It’s the summer of live music, with seemingly every megastar from Taylor Swift to Beyoncé to Bruce Springsteen out on tour in 2023. And few companies are benefiting more than Live Nation Entertainment Inc. 

But that doesn’t mean 2024 will be the same extravaganza.

The ticket-selling and concert-promoting giant’s stock plunged as much as 16% Friday after briefly hitting a 52-week high on a Politico report that the Justice Department could file an antitrust suit against Live Nation and its Ticketmaster subsidiary by the end of the year. The company’s ever escalating fees have also come to the attention of the White House and Congress. 

“Though Live Nation made pricing changes to increase transparency and improve consumer experiences, we think that the DOJ could take a hard line and potentially sue to unwind its 2010 merger with Ticketmaster, since the initial consent decree was already extended in 2019,” Bloomberg Intelligence analyst Jennifer Rie wrote in a note late Friday.

The company’s shares, which are up 28% this year compared with a 19% gain in the S&P 500, initially rallied after Live Nation reported blow out second-quarter earnings after the bell on Thursday. The stock, which ended the session down 7.8%, is now valued at 76 times trailing earnings, making it pricier than even high-flying Tesla, which has a 75 multiple.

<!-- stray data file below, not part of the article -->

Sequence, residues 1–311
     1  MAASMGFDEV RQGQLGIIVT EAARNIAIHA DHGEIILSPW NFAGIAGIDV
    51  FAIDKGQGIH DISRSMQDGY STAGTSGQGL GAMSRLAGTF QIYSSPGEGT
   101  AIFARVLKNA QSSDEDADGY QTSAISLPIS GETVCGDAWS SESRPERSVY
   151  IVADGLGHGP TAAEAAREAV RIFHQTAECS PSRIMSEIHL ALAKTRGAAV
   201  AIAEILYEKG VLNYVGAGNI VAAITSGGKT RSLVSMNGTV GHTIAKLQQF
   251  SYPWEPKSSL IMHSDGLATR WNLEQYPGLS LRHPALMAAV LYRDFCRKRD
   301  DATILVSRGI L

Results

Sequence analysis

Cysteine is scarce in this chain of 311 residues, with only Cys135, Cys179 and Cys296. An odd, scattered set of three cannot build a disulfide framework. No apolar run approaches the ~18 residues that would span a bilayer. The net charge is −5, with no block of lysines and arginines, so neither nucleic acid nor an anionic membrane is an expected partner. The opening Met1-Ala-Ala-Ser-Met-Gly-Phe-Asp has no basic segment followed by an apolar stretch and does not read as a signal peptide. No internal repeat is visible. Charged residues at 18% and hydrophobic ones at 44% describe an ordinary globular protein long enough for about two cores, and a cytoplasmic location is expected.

The better-than-expected earnings prompted a slew of price target and ratings increases from Wall Street analysts on Friday. Oppenheimer & Co. initiated coverage at outperform and setting a price target of $115, while JPMorgan Chase & Co. kept its overweight rating and raised its price target to $115 from $110. 

Of the 22 analysts that cover the stock, 21 rate it either outperform or hold, with an average 12-month target price of more than $108.

For its part, the company is optimistic about its future.

“We don’t think this is just any COVID catchup,” Chief Executive Officer Michael Rapino said on the company’s earnings conference call Thursday. “We think that this is going to be the time where live on a global basis is going to have an incredible growth run for years to come.”

Trouble Ahead

Beyond the threat of a DOJ suit, there’s the possibility that the concert business is having a magical post-Covid moment this summer, when pent-up demand meets an ample supply of big name acts. Looking ahead, the obvious issue is with North American ticket prices averaging $120 this year, according to data from Pollstar, how many people will continue to shell out top dollar to catch a show next time around?

“I think the re-opening boom is over” said Huber Research Partners analyst Doug Arthur, the lone Live Nation analyst with an underweight rating on the stock. “Historically the concert business remains robust one year into a recession and then feels the impact with a delay.”

Arthur also pointed to Live Nation’s decision to not pay down its debt load this quarter. He’d expected the company to use its cash flow from 2022 to reduce its substantial credit exposure. But that never happened. 

“They have a large interest expense number,” he said. “And I don’t ignore it.”

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